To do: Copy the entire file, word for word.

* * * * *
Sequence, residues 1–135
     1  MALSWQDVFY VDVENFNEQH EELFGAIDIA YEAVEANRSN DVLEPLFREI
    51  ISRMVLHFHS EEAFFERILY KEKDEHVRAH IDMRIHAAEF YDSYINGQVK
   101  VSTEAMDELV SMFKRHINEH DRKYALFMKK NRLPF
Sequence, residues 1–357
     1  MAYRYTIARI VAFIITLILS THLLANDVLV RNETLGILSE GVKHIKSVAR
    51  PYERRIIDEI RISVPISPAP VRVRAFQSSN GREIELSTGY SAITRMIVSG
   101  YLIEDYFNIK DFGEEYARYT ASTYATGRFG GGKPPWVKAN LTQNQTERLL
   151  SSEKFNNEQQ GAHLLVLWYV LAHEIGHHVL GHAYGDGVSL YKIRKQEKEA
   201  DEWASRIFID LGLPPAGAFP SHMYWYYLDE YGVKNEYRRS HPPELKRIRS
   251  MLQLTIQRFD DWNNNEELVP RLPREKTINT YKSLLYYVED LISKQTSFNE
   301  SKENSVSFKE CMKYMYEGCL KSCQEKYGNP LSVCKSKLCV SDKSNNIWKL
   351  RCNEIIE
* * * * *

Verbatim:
Sequence, residues 1–135
     1  MALSWQDVFY VDVENFNEQH EELFGAIDIA YEAVEANRSN DVLEPLFREI
    51  ISRMVLHFHS EEAFFERILY KEKDEHVRAH IDMRIHAAEF YDSYINGQVK
   101  VSTEAMDELV SMFKRHINEH DRKYALFMKK NRLPF
Sequence, residues 1–357
     1  MAYRYTIARI VAFIITLILS THLLANDVLV RNETLGILSE GVKHIKSVAR
    51  PYERRIIDEI RISVPISPAP VRVRAFQSSN GREIELSTGY SAITRMIVSG
   101  YLIEDYFNIK DFGEEYARYT ASTYATGRFG GGKPPWVKAN LTQNQTERLL
   151  SSEKFNNEQQ GAHLLVLWYV LAHEIGHHVL GHAYGDGVSL YKIRKQEKEA
   201  DEWASRIFID LGLPPAGAFP SHMYWYYLDE YGVKNEYRRS HPPELKRIRS
   251  MLQLTIQRFD DWNNNEELVP RLPREKTINT YKSLLYYVED LISKQTSFNE
   301  SKENSVSFKE CMKYMYEGCL KSCQEKYGNP LSVCKSKLCV SDKSNNIWKL
   351  RCNEIIE